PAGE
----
But the kit’s comeback is enough to rival any great sporting tussle. Media outlets such as Brazilian broadsheet O Estado de São Paulo and Vogue France have noticed the pendulum swing from shady nationalism towards a more magnanimous national pride. Today, “Brazilcore” is sported by international celebrities including Rosalía and model Hailey Bieber, who took a photo of herself wearing the national jersey. The look can even be enhanced by the optional accessory of coconut water in hand and a pair of Havaianas gracing your feet. However you choose to wear it, I’m glad to have my country’s team shirt back in regular rotation.

How we live / Techy pets

Cat and mouse game

It’s 06.03 and – while I could be snoozing, considering a morning coffee or checking whether anything urgent landed in my inbox overnight – I’m instead scrutinising an app on my phone that tells me how often my cat, Alfie, has gone outside during the night (writes Josh Fehnert). Three times, I think, as I try to decode the histograms and swirling infographics. Following my handsome domestic shorthair’s capricious nocturnal jaunts has become a joyless but oddly engrossing habit.

I’m not alone in spying on my pet either. A cursory search of the sector reveals all manner of digital doohickeys, from GPS devices and automatic feeders to animal sleep trackers, water purifiers and cameras – so many cameras. Though most of what I see is cheap, plasticky tat, overall spending on our pets has risen sharply. In the US it rose 10 per cent in a year to a princely $136.8bn (€122bn) in 2022. While I haven’t invested in a “smart” bed, pet pedometer or set the poor brute any “exercise goals”, I can see that it’s a slippery slope.

Illustrations: Mathieu De Muizon

Though I’d like to think that my enthusiasm shows that I care, in truth it’s probably a symptom of the wider collective obsession with using technology to track – and to try to control – everything around us. We know our calories burned, footsteps taken and flights of stairs ascended, so why not find out Fido’s? Does knowing more make people better owners? Not really; it probably makes us fret more.

It’s now 06.05 and my phone buzzes again. “Alfie is out,” says a push notification. Funny that, I think to myself as I put down my phone and catch a glimpse of the cat’s pale-green eyes narrowing and whiskers twitching as he yawns, nestling his head down to slumber again. He has been at the foot of the bed this whole time. The app’s on the fritz again. Perhaps the pet tech isn’t what it’s cracked up to be. A bright collar and a tinkling bell – and a catnap – might have served us both better.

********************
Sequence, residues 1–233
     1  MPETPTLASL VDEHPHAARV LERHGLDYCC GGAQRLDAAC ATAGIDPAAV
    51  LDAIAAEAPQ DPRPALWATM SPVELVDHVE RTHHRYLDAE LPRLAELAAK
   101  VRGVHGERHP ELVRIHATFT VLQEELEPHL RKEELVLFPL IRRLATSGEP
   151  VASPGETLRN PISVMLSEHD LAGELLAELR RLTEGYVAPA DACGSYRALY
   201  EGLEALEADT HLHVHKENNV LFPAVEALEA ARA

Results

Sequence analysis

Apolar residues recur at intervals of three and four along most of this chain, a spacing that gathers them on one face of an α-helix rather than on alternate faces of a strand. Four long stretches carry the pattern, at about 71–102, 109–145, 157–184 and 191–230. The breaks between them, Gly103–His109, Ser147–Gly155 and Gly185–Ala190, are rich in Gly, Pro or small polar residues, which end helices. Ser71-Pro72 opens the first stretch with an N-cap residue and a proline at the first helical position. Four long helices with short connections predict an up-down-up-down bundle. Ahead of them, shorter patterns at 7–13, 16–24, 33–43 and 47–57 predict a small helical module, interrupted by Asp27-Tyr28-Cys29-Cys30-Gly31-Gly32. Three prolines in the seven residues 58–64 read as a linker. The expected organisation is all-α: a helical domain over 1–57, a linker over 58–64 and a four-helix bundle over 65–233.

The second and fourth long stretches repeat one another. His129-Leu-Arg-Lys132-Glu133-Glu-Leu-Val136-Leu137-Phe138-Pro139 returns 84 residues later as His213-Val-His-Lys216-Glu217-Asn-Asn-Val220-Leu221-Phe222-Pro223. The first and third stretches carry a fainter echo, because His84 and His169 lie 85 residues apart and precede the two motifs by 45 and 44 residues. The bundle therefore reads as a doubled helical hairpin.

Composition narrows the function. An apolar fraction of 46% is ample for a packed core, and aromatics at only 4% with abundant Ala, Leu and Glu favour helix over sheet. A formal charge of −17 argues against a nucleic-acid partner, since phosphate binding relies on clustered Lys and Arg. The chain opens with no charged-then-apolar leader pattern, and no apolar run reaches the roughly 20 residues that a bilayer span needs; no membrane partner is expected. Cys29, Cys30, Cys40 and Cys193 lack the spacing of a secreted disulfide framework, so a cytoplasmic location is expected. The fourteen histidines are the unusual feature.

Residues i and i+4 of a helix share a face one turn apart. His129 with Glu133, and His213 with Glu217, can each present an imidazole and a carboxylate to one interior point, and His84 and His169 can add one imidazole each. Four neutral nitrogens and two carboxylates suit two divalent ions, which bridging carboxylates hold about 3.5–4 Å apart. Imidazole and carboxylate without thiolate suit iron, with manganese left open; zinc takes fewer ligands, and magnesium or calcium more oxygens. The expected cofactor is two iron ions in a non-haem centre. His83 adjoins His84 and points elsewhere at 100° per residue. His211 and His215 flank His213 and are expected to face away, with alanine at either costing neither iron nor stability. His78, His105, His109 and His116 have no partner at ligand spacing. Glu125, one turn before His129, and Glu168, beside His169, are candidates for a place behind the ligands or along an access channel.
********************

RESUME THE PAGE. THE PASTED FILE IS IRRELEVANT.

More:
The Monocle Concierge / Your questions answered

Czech it out

The Monocle Concierge is our purveyor of top tips and delectable recommendations for your next trip. It’s also on hand in audio form on Monocle Radio, with reports and the latest travel news from around the world. If you’re planning to go somewhere nice and would like some advice, click here. We will answer one question a week.

Image: Alamy

Dear Concierge,

We are planning to visit Prague for a couple of days in early August and would love some recommendations for food and drink options as well as cultural hotspots. My wife and I are open to any suggestions.

Lele Buonerba

Dear Lele,

If you wish to explore Czech culture, history and food, Prague is a fantastic option. Start your trip in the Klárov district for a visit to the Kunsthalle, a welcome new entry on the local contemporary art scene at the foot of the Prague Castle complex. Here, photography, installations, and paintings occupy several stories of a converted 1930s electric substation. At Kunsthalle’s in-house bistro, you can enjoy inventive vegetarian dishes, revamped Czech classics and even Sunday brunch.

Cross the Vltava river (pictured) to the Dvorak Embankment to explore the gothic, baroque, and art nouveau façades of the Old Town’s Josefov district, before making your way toward the picturesque Rasnovka street, a frequent filming location. Nearby, St Agnes Monastery houses the National Gallery’s collection of Gothic art as well as a café that sells picnic baskets to enjoy in its modern sculpture garden.

For natural wines and craft beer, catch the no. 8 tram from the city centre to Karlín Square. Stop at Veltlin for autentisté vintages from the winemaking regions of the former Habsburg empire paired with cheeses, cured meats, and pâtés from local producers. Don’t miss the nearby brewery and taproom Dva Kohouti (Two Roosters), and Kasárna Karlín, a military barracks turned culture hub with an outdoor cinema and live performance schedule.

Finally, no trip to Prague is complete without trying its local Vietnamese food. On Prague’s left bank in Andel, go for a family-style dinner at Nhà hai hành and then hit Manifesto Market for some of the city’s best food vendors and DJs. End the night at the Jazz Dock or with a walk along the Smíchov embankment where waterfront galleries, cafés, and majestic views of the Vysehrad ramparts await.

Culture / Summer playlist

Burn up the dance floor

In the fourth instalment of the 60-track playlist featured in our July/August double issue, Fernando Augusto Pacheco, Monocle Radio’s senior culture correspondent and music curator, picks 10 groovy tracks for a hot night on the disco tiles.

‘Padam Padam’ by Kylie Minogue. Kylie delivers an infectious hit yet again.